The Calgary Spoken Word Festival hosted the first Poetrology event on Friday and Saturday at Memorial Park Library, filling three floors with provocative soundscapes and tending to the evocative mood of each artist, while attendants explored the curious and intimate interplay between poets and poetry.
As more than twelve poets were present, we had to ensure that each poet had audio, visual, and lighting solutions for each of their “areas of interest,” as they were referred to by the event organizers. This type of open spacing allowed for those with tickets to interact with the words and areas of interest, in a free-form type of space.
Overall, we brought a dozen speakers, five spotlights with crank stands, subtle uplighting for area ambience, microphone stands for each artist, a projector screen and laptop, and cable solutions to meet the nuance for each room.
AUDIOWorking in powerful poetry over soundscapes, Audrey Lane Cockett very creatively used her own sounds to bolster her full live performance, and incorporated pre-recorded audio to dance over her own slam poetry.
Malcolm Mooney worked the room into a deep poetic space, between jazz, avant-garde, and reflection. As a life-long artist, and the original lead singer for the Krautrock group, Can, Malcolm has always had a psychotropic effect on his audiences.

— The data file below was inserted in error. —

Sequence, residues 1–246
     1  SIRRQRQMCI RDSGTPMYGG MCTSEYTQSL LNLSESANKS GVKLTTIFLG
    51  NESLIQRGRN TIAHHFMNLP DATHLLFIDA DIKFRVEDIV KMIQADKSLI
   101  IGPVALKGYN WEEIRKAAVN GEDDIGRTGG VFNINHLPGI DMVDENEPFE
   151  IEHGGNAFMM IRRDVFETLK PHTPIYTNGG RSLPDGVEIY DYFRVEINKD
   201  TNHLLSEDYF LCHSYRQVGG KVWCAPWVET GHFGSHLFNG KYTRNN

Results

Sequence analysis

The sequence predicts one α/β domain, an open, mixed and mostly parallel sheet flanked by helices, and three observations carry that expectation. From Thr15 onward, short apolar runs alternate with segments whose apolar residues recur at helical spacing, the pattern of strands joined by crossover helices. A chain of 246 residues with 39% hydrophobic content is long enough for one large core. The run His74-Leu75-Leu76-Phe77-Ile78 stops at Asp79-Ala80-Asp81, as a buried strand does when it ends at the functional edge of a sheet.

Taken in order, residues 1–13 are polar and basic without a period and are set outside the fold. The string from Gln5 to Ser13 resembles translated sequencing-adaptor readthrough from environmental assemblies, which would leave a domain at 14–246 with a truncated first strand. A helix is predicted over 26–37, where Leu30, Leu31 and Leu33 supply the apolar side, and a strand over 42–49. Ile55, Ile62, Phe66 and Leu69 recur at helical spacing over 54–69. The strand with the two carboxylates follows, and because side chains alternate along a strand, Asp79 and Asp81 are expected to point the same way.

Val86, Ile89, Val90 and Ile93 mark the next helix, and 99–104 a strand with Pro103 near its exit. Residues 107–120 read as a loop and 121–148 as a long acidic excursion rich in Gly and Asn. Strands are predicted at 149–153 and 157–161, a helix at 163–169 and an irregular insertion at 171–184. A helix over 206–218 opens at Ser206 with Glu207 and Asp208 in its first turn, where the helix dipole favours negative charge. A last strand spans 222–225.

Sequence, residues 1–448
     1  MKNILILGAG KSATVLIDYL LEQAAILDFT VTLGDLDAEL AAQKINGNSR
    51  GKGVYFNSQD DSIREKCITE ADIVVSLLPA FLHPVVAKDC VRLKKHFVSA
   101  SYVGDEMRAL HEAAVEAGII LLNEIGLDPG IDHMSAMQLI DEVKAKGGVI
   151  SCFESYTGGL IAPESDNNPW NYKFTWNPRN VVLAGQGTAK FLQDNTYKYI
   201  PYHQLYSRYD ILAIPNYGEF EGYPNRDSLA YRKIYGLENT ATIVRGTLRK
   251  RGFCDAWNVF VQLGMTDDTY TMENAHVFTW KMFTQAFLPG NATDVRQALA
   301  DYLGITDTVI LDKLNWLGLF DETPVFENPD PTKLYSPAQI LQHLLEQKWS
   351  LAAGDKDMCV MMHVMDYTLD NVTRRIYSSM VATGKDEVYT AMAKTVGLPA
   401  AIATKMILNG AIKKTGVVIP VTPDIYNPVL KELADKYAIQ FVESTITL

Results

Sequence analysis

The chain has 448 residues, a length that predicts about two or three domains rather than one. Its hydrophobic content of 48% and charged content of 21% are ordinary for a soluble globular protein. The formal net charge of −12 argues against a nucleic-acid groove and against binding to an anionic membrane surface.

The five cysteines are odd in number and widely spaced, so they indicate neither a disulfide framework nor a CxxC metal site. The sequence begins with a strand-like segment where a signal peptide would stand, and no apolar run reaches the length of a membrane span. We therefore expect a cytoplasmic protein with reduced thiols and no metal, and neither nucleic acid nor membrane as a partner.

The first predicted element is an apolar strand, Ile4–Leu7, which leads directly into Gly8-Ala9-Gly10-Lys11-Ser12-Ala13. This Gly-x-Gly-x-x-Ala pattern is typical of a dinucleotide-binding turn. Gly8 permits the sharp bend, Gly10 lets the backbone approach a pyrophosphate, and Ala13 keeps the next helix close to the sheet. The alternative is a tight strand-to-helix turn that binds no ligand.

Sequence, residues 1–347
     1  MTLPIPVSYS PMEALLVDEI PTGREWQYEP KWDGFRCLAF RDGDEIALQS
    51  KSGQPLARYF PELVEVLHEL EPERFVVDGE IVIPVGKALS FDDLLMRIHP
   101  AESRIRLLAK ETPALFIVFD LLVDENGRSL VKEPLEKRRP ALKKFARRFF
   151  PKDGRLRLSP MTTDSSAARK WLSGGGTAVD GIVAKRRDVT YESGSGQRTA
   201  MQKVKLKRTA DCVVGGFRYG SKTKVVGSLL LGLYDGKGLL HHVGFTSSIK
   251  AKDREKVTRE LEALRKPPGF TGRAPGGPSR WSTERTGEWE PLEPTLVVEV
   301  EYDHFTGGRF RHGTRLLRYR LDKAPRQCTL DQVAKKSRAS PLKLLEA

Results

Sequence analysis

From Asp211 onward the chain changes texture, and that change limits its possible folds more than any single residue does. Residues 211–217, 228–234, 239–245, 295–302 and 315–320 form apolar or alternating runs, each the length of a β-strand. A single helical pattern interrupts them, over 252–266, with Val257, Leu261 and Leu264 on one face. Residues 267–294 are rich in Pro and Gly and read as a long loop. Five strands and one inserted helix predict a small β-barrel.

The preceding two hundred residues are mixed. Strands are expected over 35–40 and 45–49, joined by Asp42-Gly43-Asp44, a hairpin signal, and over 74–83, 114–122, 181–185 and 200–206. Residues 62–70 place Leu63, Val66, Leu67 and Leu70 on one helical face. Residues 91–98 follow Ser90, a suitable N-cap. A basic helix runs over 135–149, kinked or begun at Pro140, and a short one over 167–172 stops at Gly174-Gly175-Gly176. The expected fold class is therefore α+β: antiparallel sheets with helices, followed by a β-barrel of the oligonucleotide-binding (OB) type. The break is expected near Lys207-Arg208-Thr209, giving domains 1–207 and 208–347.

Charlie C Petch performed with a bowed saw, violin and voice, using a loop pedal and incorporate humour and drama into their music, all-together exploring stereotypes, alienation and gender. The pauses, drama, and artistry flowed, while Charlie poeticized the room’s lighting and effects.
Mike Roberts used spoken word as a forum to engage audiences with the daily prejudices faced by Indigenous people, despite attempts at assimilation, and those Indigenous people having to playing the same game as everyone around them, with different rules, regulations and judgements.
Xam Eitsirhc, the Snake Oil Poet, incorporated projectors, source audio, live guitar, and his own adventures to create a world, toying with the audiovisual elements.
In an unexpected emergency, we were asked to provide a computer at the last second, and were back in time to have the computer, with the right adapters, running the stream with seconds to spare before the event opened to the public.
We provided uplighting in some areas around and down the stairs, as they were meant to evoke an underwater feel, while poets read in live spaces between them.
Sheri-D Wilson, published poet, artist, educator, activist, and now Calgary’s poet laureate, was the host of the evening. She, and several of Calgary’s previous poet laureates, each performed at the end of the evening. She says they intend to ensure many more events like this go on again soon.
That is to say, if you feel like you missed out by not attending this Poetrology event, there are more planned in the future.